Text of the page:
# Stuck on special relativity

1. Oct 30, 2009

### jdub99

1. The problem statement, all variables and given/known data

An unstable high-energy particle is created in the laboratory, and it moves at a speed of 0.978c. Relative to a stationary reference frame fixed to the laboratory, the particle travels a distance of 1.38x10-3 m before disintegrating.

(a) What is the proper distance traveled?
(b) What is the distance measured by a hypothetical person traveling with the particle?
(c) What is the proper lifetime?
(d) What is the dilated lifetime?

2. Relevant equations

L0/(gamma)=L

(gamma)=1/sqrt(1-(v/c)2)

3. The attempt at a solution

Stuck on part A:
V=.978c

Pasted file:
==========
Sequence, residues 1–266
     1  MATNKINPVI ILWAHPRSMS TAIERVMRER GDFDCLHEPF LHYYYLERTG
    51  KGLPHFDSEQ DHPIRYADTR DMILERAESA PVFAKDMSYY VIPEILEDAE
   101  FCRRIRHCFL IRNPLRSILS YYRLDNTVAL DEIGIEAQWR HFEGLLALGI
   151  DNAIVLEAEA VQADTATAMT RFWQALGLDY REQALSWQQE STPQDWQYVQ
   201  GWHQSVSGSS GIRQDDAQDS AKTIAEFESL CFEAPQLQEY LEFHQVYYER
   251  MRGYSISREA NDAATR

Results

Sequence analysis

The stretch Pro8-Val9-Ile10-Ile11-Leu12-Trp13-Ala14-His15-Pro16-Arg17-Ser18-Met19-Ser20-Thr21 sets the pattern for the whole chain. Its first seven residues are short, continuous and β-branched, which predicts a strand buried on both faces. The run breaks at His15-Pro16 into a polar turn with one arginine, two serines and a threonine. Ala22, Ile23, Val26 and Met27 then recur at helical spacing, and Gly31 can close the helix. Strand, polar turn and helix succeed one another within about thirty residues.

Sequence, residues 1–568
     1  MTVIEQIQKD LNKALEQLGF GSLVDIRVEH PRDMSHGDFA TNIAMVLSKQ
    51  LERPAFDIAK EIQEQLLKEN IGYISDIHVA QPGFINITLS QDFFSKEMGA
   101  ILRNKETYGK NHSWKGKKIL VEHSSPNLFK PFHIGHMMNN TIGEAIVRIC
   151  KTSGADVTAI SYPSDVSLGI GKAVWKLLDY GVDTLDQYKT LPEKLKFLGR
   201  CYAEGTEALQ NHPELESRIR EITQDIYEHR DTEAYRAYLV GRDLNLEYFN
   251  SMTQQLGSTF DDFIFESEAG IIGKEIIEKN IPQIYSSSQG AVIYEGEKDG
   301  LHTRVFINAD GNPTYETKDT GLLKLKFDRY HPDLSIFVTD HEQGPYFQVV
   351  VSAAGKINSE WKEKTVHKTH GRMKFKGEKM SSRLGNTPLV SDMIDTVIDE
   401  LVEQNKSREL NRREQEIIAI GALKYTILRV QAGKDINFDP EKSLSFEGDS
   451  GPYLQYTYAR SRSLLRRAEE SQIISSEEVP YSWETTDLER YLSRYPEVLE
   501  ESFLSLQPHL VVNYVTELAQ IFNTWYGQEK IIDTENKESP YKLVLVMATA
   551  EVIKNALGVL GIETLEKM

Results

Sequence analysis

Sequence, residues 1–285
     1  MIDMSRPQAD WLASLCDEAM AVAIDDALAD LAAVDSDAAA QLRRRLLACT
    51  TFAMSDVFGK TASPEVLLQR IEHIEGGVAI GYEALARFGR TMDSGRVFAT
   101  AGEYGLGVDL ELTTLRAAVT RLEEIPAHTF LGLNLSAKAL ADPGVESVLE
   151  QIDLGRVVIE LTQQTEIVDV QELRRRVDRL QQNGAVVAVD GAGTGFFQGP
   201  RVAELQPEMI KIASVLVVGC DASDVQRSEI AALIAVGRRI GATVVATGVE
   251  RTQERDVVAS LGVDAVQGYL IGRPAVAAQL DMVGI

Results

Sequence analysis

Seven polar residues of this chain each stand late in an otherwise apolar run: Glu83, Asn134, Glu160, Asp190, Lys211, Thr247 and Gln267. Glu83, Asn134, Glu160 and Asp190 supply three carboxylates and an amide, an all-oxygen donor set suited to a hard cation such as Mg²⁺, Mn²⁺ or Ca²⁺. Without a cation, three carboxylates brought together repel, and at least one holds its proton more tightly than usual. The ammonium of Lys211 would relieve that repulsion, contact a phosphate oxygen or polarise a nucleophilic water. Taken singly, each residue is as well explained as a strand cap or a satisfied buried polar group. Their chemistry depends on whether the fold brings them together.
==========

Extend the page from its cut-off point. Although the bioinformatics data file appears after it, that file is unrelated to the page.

L= 1.38x10-3m
L0=?

(gamma)=1/sqrt(1-(v/c)2)= 1/sqrt(1-(.978)2)= 4.79

L0=L x (gamma)= (1.38x10-3m)(4.79)= .00662m

2. Oct 30, 2009

### Staff: Mentor

According to the particle frame, is the distance traveled shorter or longer than seen in the lab frame?

3. Oct 30, 2009

### jdub99

Distance should be greater for L0 because (gamma) is going to always be greater than 1. Right? It should be shorter in the lab frame compared to particle frame.

Last edited: Oct 30, 2009
4. Oct 30, 2009

### Staff: Mentor

Realize that the distance is measured at rest in the lab frame, so I suppose that's the distance they want as the "proper distance". From the view of the particle frame, that distance is moving. What happens to moving lengths? (That's really part b, not part a. Oops!)

5. Oct 30, 2009

### jdub99

Lengths contract when moving. so the particle should be the shorter distance. So part a is the given part of the question. Ok parts a and b make

Last edited: Oct 30, 2009